A roundup of recent tech patents courtesy of Protocol revealed a number of relatively predictable ideas in the works from Silicon Valley including extended battery lives for Apple Watches, more personalized, automated newsfeeds courtesy of Google, the sun blotted out by an ever-watchful battalion of Amazon blimps. But one idea seized upon by Microsoft hints at a very strange, if somewhat widely foreseen, future: chatbots that can mimic anyone if supplied with enough personal data.
More human than human — The patent, "Creating a Conversational Chatbot of a Specific Person," filed last week by Microsoft might sound relatively innocuous, and it probably is, to a certain extent. "In aspects, social data (e.g., images, voice data, social media posts, electronic messages, written letters, etc.) about the specific person may be accessed. The social data may be used to create or modify a special index in the theme of the specific person's personality," reads the patent's abstract. Essentially, this sounds like Microsoft hopes to better improve its customer service chatbots, as well as future AI assistance along the lines of Alexa, Siri, or its own Cortana (LOL).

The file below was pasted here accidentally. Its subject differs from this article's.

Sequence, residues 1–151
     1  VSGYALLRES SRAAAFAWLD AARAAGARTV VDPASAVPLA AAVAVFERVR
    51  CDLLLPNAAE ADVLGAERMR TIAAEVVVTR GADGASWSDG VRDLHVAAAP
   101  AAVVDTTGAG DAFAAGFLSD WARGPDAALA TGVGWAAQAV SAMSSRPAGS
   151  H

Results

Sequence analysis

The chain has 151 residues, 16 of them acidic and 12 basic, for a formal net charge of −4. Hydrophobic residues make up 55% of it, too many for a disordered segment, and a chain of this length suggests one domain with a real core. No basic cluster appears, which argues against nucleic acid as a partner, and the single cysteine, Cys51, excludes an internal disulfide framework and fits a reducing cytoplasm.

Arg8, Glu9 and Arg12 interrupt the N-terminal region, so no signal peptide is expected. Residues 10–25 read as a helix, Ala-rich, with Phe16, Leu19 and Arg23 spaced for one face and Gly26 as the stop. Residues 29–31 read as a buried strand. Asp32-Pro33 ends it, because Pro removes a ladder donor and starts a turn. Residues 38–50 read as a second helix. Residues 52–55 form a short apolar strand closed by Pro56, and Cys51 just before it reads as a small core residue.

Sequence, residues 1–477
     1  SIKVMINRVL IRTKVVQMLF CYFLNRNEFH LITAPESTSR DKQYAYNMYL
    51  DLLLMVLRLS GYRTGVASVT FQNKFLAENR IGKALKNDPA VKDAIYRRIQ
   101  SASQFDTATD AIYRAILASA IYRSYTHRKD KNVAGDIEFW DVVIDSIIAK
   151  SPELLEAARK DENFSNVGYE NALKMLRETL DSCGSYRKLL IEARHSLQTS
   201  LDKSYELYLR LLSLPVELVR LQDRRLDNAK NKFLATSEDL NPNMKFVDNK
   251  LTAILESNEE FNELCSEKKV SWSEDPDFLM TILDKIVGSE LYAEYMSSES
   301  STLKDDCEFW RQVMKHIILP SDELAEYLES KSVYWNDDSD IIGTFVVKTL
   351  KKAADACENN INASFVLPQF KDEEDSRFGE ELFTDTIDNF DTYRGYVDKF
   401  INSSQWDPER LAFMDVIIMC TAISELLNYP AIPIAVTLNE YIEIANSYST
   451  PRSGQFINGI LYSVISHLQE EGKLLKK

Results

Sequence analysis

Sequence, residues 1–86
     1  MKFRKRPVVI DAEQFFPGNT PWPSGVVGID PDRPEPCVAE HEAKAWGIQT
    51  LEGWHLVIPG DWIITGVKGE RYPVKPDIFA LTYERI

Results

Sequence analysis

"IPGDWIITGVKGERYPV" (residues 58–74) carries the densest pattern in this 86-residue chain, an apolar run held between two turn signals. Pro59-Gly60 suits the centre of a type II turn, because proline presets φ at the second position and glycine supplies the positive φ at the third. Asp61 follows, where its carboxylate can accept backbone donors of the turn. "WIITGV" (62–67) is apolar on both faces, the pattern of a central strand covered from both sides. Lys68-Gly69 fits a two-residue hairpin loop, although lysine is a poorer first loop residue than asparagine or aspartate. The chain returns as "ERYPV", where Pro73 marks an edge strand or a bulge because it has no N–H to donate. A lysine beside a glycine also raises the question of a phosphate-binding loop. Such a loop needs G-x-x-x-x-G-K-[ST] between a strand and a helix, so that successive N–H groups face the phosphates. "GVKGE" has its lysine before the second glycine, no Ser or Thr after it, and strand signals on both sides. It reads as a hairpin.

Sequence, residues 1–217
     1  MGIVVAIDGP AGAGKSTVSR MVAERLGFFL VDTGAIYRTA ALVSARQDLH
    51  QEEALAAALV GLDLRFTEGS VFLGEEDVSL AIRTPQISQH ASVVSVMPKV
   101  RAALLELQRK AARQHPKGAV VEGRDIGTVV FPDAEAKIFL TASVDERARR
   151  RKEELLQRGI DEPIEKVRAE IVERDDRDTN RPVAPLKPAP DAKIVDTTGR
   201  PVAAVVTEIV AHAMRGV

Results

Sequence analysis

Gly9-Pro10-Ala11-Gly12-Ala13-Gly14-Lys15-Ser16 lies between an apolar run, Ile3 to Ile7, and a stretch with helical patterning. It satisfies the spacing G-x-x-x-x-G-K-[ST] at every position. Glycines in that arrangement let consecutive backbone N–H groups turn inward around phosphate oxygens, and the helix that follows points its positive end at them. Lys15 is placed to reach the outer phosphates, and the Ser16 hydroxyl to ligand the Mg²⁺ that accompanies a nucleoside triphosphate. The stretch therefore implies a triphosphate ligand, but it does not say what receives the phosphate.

A new era of 'identity' theft — That said, the implications for this kind of hyper-specific, digitalized personality mimicry are as varied as they are unsettling. While Microsoft probably (probably) has enough focus-grouped sense and lawyers on retainer to avoid advertising a personal assistant that looks and sounds like your dead grandpa, we can't say the same for other companies and programmers.
Aside from the very obvious creepiness of a deceased loved one reading you Waze directions to the nearest Chipotle from beyond the grave, the idea of conversational AI based on an amalgamation of your tweets, Facebook posts, and text messages coupled with voice mimicry (which is already a thing, by the way) could usher in a whole new era of cyber-fraud and "identity" theft.
Who would own who? — And goddamn, let's not even begin to parse out what that means for our notions of individual, conscious identities (Mike Murphy, who rounded up those patents for Protocol, already did a very admirable job of that, anyway). Then there's the whole thorny subject regarding one's privacy rights after their death. Oh, and what about digital data rights ownership? Does the digital assistant modeled after yourself circa 2006 that you drunkenly purchased as a goof truly belong to you? Or is that 16-year-old "you" — you know, the you with an embarrassing obsession with The Decemberists, suit vests, and suspenders — property of Bill Gates in perpetuity? Come to think of it, he can have that, if we're being honest with ourselves.
But still! This all sounds really complicated, and unlike the patent for Microsoft's single player VR basketball game, feels like a near certainty in the years to come.